Plato on the Ridiculous and Donald Trump

Donald Trump is a fairly ridiculous human being. Though he has somehow managed to inspire admiration in many, even some of his supporters concede that he isn’t especially admirable, and many of his detractors apparently agree that he is not merely a bad person and unfit for public office, but positively absurd, a laughingstock of the sort we more readily expect from political satire than from political reality, perhaps all the more ridiculous for being real rather than fictional. Such, at least, we might infer from the frequency with which social media users and some traditional media outlets subject Trump to ridicule and present him as an object of derision and mockery. Admittedly, politicians in general, and especially presidents, are always easy targets for humor and satire, and the most successful comedians can find a way to make almost anything funny. In some conservative circles Barack Obama and Hillary Clinton were — and in some, still are — laughed at with tedious regularity, and it may not be that Trump is made fun of more than they were, or by more people, but simply more often by people I happen to pay attention to. Even so, Trump gets made fun of. A lot. This worries me.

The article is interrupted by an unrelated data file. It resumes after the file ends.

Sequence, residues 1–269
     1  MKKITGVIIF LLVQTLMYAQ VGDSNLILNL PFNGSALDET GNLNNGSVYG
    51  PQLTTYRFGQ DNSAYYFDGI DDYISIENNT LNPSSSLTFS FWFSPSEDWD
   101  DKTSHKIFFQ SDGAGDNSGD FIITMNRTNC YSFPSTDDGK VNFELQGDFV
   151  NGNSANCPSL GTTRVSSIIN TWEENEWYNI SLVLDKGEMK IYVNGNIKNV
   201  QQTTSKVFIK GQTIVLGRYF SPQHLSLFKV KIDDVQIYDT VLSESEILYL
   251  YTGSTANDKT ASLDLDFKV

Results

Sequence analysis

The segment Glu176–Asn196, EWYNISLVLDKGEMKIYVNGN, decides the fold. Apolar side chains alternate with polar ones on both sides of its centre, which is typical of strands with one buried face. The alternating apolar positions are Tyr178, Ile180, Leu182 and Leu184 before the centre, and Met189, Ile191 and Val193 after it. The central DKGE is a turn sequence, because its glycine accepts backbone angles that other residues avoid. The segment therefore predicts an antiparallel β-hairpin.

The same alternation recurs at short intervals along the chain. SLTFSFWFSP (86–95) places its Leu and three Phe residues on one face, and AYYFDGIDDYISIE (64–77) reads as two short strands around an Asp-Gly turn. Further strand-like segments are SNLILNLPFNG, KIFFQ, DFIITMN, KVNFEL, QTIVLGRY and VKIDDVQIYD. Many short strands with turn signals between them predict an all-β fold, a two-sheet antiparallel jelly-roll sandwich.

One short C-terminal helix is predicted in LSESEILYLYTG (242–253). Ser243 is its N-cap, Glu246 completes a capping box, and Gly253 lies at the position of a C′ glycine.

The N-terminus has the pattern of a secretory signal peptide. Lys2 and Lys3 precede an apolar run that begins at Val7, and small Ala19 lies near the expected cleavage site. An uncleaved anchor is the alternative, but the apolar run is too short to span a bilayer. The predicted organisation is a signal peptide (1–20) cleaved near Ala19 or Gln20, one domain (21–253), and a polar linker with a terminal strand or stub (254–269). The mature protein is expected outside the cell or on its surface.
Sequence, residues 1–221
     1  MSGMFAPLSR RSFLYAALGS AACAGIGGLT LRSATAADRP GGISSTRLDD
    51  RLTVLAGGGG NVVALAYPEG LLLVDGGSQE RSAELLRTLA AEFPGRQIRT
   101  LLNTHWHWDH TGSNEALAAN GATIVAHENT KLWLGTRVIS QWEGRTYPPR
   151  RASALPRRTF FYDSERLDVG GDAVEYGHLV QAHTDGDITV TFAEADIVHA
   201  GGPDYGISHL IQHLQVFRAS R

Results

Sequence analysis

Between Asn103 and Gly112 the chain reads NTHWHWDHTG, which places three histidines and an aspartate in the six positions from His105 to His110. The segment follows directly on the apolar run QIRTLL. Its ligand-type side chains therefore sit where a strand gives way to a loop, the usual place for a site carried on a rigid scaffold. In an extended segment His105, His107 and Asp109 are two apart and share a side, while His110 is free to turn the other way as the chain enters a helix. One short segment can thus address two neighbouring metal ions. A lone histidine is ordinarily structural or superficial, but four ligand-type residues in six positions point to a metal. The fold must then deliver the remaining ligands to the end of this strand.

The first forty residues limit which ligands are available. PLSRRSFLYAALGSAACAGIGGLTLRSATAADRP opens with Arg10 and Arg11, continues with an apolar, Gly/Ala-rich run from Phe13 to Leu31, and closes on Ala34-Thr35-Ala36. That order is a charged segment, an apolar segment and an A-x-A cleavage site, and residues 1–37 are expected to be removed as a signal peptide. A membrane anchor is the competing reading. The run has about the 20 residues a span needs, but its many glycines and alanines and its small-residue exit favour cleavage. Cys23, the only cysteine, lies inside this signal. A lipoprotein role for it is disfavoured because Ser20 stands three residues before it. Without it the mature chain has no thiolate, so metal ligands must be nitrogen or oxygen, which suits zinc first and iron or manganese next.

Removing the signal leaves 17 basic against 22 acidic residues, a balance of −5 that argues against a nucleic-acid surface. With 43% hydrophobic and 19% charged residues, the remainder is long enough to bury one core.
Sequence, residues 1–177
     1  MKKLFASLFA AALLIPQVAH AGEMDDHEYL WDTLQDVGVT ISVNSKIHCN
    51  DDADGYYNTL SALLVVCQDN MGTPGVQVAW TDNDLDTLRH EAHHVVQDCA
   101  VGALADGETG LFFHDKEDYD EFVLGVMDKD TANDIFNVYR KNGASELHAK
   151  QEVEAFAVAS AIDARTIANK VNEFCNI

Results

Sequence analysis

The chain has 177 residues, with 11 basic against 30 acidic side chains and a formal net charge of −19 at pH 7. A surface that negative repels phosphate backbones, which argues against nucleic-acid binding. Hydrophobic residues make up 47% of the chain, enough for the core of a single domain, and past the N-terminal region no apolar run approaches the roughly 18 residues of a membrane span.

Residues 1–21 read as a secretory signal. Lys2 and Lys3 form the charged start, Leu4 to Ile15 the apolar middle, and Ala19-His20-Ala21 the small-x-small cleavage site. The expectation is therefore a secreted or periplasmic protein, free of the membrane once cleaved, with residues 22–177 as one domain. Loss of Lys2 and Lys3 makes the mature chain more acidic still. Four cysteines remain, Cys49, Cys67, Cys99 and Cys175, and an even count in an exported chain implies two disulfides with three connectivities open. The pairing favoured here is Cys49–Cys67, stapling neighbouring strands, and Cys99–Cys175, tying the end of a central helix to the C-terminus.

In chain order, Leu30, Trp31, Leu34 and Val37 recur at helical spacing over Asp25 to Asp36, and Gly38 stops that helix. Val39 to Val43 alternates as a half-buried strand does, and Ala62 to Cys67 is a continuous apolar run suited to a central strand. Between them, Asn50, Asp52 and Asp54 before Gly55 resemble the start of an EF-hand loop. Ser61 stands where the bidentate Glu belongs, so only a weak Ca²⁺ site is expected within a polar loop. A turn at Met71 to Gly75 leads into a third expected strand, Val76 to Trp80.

In some ordinary, imprecise sense of the word, I find Donald Trump ridiculous. What I don’t find him is funny, in any way, someone who inspires laughter of any kind. I share what some readers will no doubt regard as the Standard Liberal Elitist Disdain for Trump; pick a widely held complaint about Trump, and I probably at least sympathize with it. So my inability to laugh at him is not an expression of any kind of respect for the man or his office. I simply can’t laugh at him, or at any of the many discussions or representations of him designed to make me laugh at him, from Alec Baldwin’s caricatures to the latest post on my Facebook feed. This isn’t because I’m a generally humorless guy; anybody who knows me well will probably tell you that I’m at least occasionally too silly. It’s that I don’t think I should laugh at him. More than that, I don’t think you should either. I don’t think anyone should. Insofar as something that is ridiculous is something worth laughing at in a contemptuous, dismissive way, I don’t find Donald Trump ridiculous.

Plato explains why.

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Criticisms of Academia